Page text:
I had an interview with Ezra Caldwell published in Urban Velo back in September 2007. You can read it here.

I was living in NYC then and (of course) was getting into fixed gear and single-speed bicycles. Ezra invited me to his place in January of 2006, and gave me a spare wheel he had lying around, and even installed it for me.

“On the upper west side of Manhattan lives Ezra Caldwell. A wiry little guy with a stable of bikes, an inviting smile and a wrench. He’ll adjust your brakes over coffee, then tweak your chain line and take you around the block. This is what Ezra does.”

We went out for a test ride, and I remember doing a “track stand” and Ezra saying something like, “Wow, you figured that out quick.”

To which I simply replied, “Well, I’ve been riding bikes for a while!”

God, all these years later, I remember how arrogant that sounded. I was in my early 30s, so that makes sense.

We weren’t close; we were just two people who met because of the internet.

“The internet in general has made wild things possible,” says Ezra. “I’d say most of my friends at this point are people I’ve met on Flickr.”

I woke up on May 18, 2024, and for whatever reason, thought of this seemingly insignificant interview I did 17 years ago.

Ezra passed away on May 24, 2014 after a battle with cancer. I can’t believe ten years have passed, and then this weekend I thought of Ezra for the first time in forever.

We’re in each other’s lives to varying degrees, and then we’re not. I only had a fleeting few moments with Ezra all those years ago, but reading some posts here and there, he touched a lot of people.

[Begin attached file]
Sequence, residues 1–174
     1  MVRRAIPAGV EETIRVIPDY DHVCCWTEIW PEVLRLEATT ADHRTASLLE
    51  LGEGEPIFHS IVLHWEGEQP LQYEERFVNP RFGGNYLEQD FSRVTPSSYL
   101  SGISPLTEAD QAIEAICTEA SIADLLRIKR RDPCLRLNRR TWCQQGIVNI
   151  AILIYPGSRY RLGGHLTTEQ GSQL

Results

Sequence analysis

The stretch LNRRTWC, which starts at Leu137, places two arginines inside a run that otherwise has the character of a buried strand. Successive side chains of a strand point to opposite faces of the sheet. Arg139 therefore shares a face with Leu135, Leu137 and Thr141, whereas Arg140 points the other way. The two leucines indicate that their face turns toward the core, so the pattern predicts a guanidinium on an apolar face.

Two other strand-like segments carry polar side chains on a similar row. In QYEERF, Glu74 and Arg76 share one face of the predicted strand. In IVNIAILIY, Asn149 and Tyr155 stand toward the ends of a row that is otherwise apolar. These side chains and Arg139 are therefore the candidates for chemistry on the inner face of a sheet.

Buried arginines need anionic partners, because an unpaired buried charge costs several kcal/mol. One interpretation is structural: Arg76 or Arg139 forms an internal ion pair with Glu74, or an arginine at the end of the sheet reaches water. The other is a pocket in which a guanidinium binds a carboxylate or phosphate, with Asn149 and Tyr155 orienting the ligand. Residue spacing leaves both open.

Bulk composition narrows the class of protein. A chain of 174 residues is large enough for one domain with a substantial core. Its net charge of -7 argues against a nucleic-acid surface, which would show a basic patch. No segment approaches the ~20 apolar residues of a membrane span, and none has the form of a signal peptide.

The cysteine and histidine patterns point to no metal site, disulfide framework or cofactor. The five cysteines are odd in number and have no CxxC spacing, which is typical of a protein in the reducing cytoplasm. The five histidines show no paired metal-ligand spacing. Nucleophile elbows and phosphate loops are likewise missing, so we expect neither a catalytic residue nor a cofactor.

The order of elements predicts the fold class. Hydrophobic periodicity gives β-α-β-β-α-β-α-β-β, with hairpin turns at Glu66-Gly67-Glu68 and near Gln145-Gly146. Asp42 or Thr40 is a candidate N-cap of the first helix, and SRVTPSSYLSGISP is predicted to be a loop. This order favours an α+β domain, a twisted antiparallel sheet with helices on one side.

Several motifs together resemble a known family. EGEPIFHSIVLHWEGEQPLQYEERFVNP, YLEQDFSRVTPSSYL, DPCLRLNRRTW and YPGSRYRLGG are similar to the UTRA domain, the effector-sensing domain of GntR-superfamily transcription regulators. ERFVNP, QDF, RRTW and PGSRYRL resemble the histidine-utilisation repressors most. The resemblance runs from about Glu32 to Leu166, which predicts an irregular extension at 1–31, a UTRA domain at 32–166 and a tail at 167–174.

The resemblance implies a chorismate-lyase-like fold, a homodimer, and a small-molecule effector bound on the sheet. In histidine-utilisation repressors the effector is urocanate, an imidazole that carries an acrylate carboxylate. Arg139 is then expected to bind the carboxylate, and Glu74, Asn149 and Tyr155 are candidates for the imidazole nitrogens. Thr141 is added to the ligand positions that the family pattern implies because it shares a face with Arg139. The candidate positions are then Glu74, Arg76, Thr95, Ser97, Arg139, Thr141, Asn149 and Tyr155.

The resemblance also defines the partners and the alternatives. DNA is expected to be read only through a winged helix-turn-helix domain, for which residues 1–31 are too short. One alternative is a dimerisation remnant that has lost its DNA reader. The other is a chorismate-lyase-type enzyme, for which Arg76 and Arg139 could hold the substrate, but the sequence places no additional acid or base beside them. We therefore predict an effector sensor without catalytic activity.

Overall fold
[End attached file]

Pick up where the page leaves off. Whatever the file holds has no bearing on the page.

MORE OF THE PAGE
Hug your friends. Do cool shit. Life is short.


“This is not a hobby, this is my life,” Kazu Nakajima

The Walkie Talkie videos with Paulie B are amazing. As my curiosity about photography has ramped up, I’m devouring stuff like this, just taking it all in.

And I’ve thought this – what if I’m a photographer in my 50s?

I mean, I’m an absolute novice with any and all of it.

Internet marketing stuff? Email newsletters? Editorial planning and all that? Sure. I got 20+ years of doing that.

But what does a year being serious about photography look like? A dedicated practice? A system?


In case you’re wondering what sort of bike I will be riding during my adventures, it is a NYCBikes single speed with flat bars. Right now I’m not planning on adding any extra bags or a seat-post rack. This is mostly because I don’t have a lot of stuff, but once I start hauling my laptop and the rest of my possessions (which isn’t a lot) that could change.

I wonder if doing this adventure on a single speed is a mistake, then I remember I’ve done some serious rides on this bike already. I’ve done 75 miles a few times, and a handful of 50 milers. Even the ride to Nyack, NY and back. I realize I won’t be doing these rides in record setting time, but I’ll get there.


This is the view from the West Side of Manhattan, looking over to New Jersey. In just a week or so I will be biking there, via the George Washingston Bridge (I’m not going to cheat by taking the PATH train). After a month with a friend I will be riding the width of NJ into Pennsylvania. I’m giving myself two days to do this. I really want to give myself time to take photos and actually take in the scenery as I travel.